While these summaries are both very, very different in their focus areas, they both describe climate change. One is a historical perspective going back 66 million years (way back!), two is about human diet and how that impacts climate (with some advice).
Summary: Quote – “Scientists have compiled a continuous, high-fidelity record of variations in Earth’s climate extending 66 million years into the past. The record reveals four distinctive climate states, which the researchers dubbed Hothouse, Warmhouse, Coolhouse, and Icehouse. These major climate states persisted for millions and sometimes tens of millions of years, and within each one the climate shows rhythmic variations corresponding to changes in Earth’s orbit around the sun.”
The question I asked as I was reading the article, “where are we now?”
Answer: “For the past 3 million years, Earth’s climate has been in an Icehouse state characterized by alternating glacial and interglacial periods. Modern humans evolved during this time, but greenhouse gas emissions and other human activities are now driving the planet toward the Warmhouse and Hothouse climate states not seen since the Eocene epoch, which ended about 34 million years ago. During the early Eocene, there were no polar ice caps, and average global temperatures were 9 to 14 degrees Celsius higher than today. “The IPCC projections for 2300 in the ‘business-as-usual’ scenario will potentially bring global temperature to a level the planet has not seen in 50 million years,” Zachos said.”
Summary: “Eating less meat and dairy products in favor of plant-based proteins like those found in grains, legumes and nuts could make a huge difference in how much carbon dioxide reaches the atmosphere, research by Oregon State University shows.”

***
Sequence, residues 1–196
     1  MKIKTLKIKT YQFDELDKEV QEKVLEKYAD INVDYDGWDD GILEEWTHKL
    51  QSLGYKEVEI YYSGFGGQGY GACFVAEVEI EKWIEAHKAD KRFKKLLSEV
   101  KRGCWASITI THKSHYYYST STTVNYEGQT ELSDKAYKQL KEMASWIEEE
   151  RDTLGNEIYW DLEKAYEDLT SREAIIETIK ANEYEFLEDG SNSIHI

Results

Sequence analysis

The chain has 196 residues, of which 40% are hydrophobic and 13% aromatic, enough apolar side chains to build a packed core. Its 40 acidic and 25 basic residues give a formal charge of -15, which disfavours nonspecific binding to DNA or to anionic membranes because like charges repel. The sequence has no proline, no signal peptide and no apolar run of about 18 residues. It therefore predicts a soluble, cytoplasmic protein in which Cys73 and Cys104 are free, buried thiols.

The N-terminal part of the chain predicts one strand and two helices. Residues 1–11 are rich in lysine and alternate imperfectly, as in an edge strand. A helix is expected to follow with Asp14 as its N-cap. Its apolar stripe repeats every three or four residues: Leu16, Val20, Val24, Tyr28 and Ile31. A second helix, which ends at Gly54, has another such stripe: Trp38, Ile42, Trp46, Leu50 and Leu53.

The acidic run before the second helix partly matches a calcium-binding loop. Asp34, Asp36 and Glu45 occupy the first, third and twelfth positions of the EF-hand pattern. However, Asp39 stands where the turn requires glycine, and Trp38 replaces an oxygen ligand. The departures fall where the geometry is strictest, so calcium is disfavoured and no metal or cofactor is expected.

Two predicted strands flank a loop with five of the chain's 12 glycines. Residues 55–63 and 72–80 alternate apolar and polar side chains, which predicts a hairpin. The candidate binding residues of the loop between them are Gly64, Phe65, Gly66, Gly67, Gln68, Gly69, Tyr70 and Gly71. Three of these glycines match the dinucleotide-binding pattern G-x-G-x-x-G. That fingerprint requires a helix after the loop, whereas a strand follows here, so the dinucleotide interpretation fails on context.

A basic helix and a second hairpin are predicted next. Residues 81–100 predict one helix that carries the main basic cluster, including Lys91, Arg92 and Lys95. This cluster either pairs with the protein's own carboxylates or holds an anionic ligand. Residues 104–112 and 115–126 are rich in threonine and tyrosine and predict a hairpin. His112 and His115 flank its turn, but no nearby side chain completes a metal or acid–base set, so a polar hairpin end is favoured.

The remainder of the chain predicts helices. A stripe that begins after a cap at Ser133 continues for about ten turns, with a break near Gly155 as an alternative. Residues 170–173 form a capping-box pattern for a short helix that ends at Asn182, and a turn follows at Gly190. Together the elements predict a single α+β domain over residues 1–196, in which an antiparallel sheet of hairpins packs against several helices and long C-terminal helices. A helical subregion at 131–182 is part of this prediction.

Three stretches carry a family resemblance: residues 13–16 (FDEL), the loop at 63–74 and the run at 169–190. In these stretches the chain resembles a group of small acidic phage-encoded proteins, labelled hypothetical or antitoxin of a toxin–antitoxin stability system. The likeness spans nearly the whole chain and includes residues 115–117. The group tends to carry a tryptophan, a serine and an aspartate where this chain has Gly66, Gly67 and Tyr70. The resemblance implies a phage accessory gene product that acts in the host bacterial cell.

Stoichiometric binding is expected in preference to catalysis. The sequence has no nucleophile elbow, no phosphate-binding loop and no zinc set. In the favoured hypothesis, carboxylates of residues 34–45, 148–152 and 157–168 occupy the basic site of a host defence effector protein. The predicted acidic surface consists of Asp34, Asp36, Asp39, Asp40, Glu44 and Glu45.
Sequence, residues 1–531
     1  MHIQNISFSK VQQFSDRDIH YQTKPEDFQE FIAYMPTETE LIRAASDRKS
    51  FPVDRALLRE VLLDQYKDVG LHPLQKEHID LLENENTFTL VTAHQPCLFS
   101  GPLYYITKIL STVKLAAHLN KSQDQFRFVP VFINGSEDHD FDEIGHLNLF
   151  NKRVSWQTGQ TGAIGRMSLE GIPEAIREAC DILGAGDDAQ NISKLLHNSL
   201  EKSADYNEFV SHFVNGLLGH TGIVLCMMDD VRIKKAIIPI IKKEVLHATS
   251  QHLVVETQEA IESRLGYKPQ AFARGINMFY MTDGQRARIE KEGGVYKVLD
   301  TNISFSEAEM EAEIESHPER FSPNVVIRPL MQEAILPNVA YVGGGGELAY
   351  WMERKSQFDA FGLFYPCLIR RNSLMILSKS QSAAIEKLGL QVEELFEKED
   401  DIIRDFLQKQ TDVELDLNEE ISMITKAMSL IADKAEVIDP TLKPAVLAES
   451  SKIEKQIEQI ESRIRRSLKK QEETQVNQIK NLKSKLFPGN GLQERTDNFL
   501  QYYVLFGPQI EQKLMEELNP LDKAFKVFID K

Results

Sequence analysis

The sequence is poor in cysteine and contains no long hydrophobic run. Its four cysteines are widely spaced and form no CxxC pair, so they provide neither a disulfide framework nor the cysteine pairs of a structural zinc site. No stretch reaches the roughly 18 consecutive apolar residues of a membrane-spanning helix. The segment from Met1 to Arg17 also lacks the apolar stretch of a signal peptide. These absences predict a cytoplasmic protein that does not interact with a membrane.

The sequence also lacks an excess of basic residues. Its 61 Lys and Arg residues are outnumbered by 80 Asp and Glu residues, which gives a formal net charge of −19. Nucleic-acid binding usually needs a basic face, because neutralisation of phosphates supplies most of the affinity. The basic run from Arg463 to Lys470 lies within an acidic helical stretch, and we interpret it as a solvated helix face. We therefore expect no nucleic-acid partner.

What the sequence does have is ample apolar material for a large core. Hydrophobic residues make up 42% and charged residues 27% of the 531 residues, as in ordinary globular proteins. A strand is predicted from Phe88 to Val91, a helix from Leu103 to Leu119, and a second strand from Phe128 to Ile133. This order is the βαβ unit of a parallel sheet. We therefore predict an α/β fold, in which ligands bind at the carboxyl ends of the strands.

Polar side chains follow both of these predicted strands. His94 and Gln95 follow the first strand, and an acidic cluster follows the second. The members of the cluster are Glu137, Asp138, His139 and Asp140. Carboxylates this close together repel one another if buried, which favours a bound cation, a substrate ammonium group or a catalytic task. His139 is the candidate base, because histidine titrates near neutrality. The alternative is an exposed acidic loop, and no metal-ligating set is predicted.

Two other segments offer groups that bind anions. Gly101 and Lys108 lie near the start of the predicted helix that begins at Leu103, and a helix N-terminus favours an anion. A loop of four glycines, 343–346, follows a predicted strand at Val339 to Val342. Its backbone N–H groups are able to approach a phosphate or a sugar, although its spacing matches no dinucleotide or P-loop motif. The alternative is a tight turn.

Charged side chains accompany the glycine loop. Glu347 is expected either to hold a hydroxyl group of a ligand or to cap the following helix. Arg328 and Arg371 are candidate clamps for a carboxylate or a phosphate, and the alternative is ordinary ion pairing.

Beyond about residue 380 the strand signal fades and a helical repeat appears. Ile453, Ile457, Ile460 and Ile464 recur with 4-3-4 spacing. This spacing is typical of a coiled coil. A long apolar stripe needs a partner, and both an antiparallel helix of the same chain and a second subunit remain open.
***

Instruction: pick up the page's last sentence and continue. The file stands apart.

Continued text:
Now, that is a recommendation true to my heart! (and stomach)
Here’s the problem, “The land required to meet current global demand for meat and dairy-based products constitutes more than 80% of the Earth’s agricultural acreage, according to the research collaboration led by Matthew Hayek of New York University.”
To correct this and its outcome, “If production is shifted to more land-friendly foods, the door opens to the regrowth of native vegetation capable of scrubbing away years of climate-changing fossil fuel emissions.”
The result then would be,
“The largest potential for climate-benefiting forest regrowth is in comparatively wealthy nations. In those countries, cutbacks in meat and dairy production would bring relatively mild impacts on food security, the researchers say, while substantially assisting in capping climate change at 1.5 degrees Celsius above pre-industrial age levels as called for in the 2016 Paris Agreement.
“We can think of shifting our eating habits toward land-friendly diets as a supplement to developing green energy, rather than a substitute,” Hayek said. “Restoring native forests could buy some much-needed time for countries to transition their energy grids to renewable, fossil-free infrastructure.”